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What a New Doctor Learned About Medical Mistakes From Her Mom’s Death

Dr. Elaine Goodman says hospital culture has to embrace the notion that reporting and tracking medical errors are a positive, not punitive, step: “It’s not enough just to have caring, qualified people to keep the patient safe.”

Dr. Elaine Goodman (Photo: Ryan T. Conaty)

For Dr. Elaine Goodman, the strongest lessons in patient safety didn’t come from her training. They came from her mother’s death. 

Goodman had just finished her first year of medical school when she found herself spending months at the bedside of her 63-year-old mom, who was battling breast cancer in the hospital.

One morning she arrived to find her mother’s face and hands bloodied. Hallucinating and disoriented, her mom had yanked the cranial staples inserted during a recent procedure from her head.

Another time, a stethoscope fell on her mom’s face and gave her a black eye. She suffered frequent falls and preventable side effects from drugs. And she narrowly missed having an unnecessary brain operation and getting an incorrect drug.

“It was really eye opening for me to see the reality of how difficult it was to keep her safe in the hospital,” Goodman said. “It’s not enough just to have caring, qualified people to keep the patient safe.”

Goodman believes the incidents hastened the decline of her mother, who died in 2008 after six months in the hospital. A Harvard Medical School grad, Goodman is now a second-year resident in internal medicine and primary care at Brigham and Women’s Hospital in Boston.

Goodman shared her story after completing our Provider Questionnaire, part of our ongoing reporting on patient safety. ProPublica confirmed details of her mother’s story with one of the physicians who treated her and by reviewing her records. This interview with Goodman has been edited for clarity and length.

 

What did your experience with your mom teach you about medicine?

The hospital she was in is a nationally ranked hospital near Seattle. It wasn’t that we felt the place was not up to snuff or not capable of providing good care. But I hadn’t realized how hard it is to keep a complicated patient safe in the hospital. The harm is rarely caused by actual negligence. The vast majority of cases involve a lot of people doing fairly reasonable things, and somehow something just falls through the cracks.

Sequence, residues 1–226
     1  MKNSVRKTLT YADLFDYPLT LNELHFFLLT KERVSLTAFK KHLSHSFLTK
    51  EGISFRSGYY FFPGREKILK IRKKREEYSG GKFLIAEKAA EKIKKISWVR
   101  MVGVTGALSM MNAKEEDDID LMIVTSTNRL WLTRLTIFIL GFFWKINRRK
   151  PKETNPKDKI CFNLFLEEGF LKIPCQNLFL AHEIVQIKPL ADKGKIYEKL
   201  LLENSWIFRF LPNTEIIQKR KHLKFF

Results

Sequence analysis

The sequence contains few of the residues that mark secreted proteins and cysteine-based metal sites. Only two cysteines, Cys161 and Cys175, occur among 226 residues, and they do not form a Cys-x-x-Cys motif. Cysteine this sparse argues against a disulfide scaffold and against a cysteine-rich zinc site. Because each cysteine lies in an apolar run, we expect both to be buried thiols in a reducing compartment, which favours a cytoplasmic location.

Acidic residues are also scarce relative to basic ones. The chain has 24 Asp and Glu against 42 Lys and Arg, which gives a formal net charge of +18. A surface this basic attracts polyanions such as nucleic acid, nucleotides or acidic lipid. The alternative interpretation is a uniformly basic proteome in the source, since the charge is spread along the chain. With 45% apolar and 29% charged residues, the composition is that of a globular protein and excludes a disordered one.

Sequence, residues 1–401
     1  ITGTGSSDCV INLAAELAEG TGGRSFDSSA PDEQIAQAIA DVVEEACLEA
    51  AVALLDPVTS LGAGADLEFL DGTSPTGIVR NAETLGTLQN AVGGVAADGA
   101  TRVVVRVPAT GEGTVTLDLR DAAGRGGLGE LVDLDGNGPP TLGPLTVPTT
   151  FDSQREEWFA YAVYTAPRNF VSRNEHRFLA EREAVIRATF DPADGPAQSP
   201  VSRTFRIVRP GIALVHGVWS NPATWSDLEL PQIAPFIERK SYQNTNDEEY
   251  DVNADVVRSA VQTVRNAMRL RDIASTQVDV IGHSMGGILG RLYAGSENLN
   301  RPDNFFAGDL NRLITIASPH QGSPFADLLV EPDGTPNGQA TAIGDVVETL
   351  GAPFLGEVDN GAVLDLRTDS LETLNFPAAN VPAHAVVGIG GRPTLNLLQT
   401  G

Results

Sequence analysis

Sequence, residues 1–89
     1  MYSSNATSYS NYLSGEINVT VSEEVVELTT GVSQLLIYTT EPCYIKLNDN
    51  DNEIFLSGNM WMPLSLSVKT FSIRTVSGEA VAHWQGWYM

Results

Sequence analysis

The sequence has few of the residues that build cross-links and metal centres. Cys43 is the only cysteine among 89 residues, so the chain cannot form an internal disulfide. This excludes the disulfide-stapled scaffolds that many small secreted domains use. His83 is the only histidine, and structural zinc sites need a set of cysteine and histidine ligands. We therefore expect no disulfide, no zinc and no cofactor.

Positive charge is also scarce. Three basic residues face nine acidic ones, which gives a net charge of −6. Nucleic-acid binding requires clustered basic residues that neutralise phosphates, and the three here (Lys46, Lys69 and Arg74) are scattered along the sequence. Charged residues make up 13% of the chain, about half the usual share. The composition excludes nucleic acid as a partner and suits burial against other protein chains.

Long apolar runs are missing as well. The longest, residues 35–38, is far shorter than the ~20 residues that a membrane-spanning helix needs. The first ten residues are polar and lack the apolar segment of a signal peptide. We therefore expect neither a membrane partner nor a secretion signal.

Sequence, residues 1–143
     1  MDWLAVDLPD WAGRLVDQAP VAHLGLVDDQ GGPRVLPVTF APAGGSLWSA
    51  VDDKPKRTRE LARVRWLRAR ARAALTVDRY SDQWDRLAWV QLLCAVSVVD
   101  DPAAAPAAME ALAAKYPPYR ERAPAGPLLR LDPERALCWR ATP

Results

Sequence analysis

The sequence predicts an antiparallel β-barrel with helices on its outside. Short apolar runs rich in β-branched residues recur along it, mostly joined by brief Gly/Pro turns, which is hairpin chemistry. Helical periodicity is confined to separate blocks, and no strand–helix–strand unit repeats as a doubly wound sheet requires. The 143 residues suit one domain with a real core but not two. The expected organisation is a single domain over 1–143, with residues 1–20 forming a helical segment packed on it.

One day my mom fell out of bed in middle of the night. They had bed alarms to notify nurse if a patient starts to fall out of bed. But there’s also a chair alarm, and the nurses showed us that there were only enough electric outlets for one alarm at a time, and the alarms had identical cords – making it hard for the nurses to tell which alarm was plugged in. The day my mom fell, the wrong alarm was plugged in.

There are lots of easy solutions to this. They could make the cords different. Or they could have two outlets, so both could be plugged in. I certainly hadn’t thought about that as a medical student, but all of a sudden it became the most important thing in my day when my mom was in the hospital.

Medication errors were frequent. My mom was on a seizure medication that needed the dose adjusted according to her nutritional status. The physicians probably knew this, but with all the handoffs, a new doctor would come in, see the drug level was low in her blood – and without carefully observing her nutrition – and then up the dose. She was being accidentally overdosed on the medication which caused her to sleep for days. As somebody who has a life expectancy on the order of months, those days were very important to us.